by Alyssa Allen
Arguably the most striking feature of Eleon is the massive polygonal wall that stretches along the southern and eastern limits of the site. I have had occasion to become intimately acquainted with this wall, having spent two weeks digging a very deep trench alongside it in an attempt to both come up with a precise date for its construction and to find the bottom of it. While the date and full extent is still under study, we also managed to come up with some clues as to its purpose and origin over the course of the season.
The wall at Eleon is unusual, but not entirely unique; there is a similar wall of large polygonal stones at Delphi, near the stoa of the Athenians. The design, though striking to look at, is not particularly useful in terms of defense, which has led some to believe that its purpose was more for decoration than practical fortification; the first priority of its builders was to impress, rather than protect. The stones are limestone quarried from a nearby cliff side, within sight of the wall.
The wall consists of large section of enormous flat, worked stones of varying straight-sided shapes, underneath which are a series of courses of large rectangular stones, which we discovered this season to be at least five courses deep in one area. At least some of these courses would likely have been underground at the time the wall was in use, as evidenced by the fact that only the topmost two layers are worked as carefully as the polygonal stones to give them a straight, flat appearance. Beneath these, the stones are worked only around their edges so that they can fit together with the other stones, but the center is left unworked and bulging out, a technique known as anathyrosis. This indicates that perhaps these lower layers of stone were meant to remain underground and not be seen.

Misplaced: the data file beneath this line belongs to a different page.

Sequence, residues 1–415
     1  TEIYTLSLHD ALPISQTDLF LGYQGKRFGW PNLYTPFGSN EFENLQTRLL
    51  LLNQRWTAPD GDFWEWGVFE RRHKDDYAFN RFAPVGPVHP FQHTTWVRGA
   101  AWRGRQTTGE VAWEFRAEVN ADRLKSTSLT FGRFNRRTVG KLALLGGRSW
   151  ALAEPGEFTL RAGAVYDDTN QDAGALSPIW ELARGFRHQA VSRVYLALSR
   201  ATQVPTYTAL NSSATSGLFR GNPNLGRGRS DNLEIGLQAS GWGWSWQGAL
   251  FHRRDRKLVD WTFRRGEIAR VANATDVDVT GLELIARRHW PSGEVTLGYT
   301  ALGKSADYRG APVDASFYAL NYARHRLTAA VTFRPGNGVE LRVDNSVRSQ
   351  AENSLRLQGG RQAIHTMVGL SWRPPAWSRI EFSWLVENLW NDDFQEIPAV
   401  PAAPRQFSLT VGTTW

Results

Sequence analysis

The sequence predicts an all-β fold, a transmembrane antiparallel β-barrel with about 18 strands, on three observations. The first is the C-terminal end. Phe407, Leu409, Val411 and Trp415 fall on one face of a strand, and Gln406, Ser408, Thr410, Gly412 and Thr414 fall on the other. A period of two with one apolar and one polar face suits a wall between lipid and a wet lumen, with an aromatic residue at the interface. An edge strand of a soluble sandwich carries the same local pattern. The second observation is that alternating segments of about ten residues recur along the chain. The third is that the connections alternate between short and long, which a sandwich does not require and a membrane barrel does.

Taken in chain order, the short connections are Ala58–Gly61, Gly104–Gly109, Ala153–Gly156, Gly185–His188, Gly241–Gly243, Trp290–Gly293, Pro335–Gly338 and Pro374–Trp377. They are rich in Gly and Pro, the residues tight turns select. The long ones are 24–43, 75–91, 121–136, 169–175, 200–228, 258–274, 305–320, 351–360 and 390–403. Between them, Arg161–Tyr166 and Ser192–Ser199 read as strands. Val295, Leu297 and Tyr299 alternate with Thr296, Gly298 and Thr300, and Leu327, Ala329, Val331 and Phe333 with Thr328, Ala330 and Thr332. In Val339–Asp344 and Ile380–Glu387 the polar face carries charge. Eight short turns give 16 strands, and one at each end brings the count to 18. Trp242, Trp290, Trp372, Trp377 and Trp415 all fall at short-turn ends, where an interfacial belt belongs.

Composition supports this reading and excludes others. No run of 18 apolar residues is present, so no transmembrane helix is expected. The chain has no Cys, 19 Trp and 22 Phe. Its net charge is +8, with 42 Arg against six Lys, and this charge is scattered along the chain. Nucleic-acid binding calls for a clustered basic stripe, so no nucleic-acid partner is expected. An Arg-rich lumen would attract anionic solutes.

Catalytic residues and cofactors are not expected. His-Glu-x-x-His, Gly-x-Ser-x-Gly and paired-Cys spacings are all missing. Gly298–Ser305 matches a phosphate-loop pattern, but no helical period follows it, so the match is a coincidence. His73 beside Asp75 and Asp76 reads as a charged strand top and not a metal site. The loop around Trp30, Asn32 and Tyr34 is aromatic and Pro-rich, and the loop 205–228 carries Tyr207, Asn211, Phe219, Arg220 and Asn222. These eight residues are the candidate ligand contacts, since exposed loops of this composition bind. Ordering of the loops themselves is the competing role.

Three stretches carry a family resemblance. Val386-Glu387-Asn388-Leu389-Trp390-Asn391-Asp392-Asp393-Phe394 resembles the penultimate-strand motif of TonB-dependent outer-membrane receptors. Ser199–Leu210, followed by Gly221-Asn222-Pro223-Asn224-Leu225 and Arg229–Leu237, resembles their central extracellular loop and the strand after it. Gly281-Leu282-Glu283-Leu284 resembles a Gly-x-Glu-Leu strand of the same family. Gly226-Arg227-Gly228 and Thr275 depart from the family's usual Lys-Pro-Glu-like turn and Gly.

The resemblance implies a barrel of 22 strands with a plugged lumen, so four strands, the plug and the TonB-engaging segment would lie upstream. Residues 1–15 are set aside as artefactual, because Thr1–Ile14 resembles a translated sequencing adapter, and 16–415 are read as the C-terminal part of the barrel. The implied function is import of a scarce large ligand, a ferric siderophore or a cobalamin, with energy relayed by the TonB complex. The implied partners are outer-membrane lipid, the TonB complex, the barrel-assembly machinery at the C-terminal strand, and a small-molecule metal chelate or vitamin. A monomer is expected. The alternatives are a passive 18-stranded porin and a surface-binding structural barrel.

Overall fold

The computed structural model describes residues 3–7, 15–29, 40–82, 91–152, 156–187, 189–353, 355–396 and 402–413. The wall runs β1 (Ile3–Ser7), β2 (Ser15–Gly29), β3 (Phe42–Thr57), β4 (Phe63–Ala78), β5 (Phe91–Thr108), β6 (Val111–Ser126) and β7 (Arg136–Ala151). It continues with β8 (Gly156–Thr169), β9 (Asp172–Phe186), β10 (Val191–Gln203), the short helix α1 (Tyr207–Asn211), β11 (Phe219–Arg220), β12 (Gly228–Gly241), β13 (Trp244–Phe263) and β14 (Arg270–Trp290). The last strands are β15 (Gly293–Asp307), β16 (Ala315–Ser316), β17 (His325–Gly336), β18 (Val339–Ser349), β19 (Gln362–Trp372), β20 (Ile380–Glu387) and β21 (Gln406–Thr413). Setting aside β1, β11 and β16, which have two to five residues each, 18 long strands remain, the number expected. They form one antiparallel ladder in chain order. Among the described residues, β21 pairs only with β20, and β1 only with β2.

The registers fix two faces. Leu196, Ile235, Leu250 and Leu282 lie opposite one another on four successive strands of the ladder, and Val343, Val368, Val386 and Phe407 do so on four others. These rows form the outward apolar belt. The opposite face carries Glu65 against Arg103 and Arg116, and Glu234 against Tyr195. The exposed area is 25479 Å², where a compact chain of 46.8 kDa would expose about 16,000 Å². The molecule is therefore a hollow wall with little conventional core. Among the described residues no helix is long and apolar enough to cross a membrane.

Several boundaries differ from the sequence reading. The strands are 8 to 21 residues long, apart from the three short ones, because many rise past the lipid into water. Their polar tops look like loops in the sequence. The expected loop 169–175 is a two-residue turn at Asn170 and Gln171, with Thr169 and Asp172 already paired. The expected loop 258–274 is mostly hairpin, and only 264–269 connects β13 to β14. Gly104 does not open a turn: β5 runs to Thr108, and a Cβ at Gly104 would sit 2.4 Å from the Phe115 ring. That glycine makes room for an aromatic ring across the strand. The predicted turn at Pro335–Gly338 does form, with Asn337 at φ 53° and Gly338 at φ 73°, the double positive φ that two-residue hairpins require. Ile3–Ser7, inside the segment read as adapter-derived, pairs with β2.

The dating of the wall was our main goal in excavating our experimental trench. Our work suggests that the wall likely dates to the Archaic/Classical period, but that the foundation trench which was dug to build it was then filled up with earth from the older levels of the site, full of Mycenaean pottery.
Another odd and interesting feature of the wall that we discovered while digging is that some of the lower courses of stone appeared to have been more carefully worked than the ones directly above them, with more attention put towards giving them a straight and even appearance. How much further down the wall goes, and what further digging may reveal about its date and purpose, will have to wait until the next excavation season, so stay tuned for future updates over the next few years!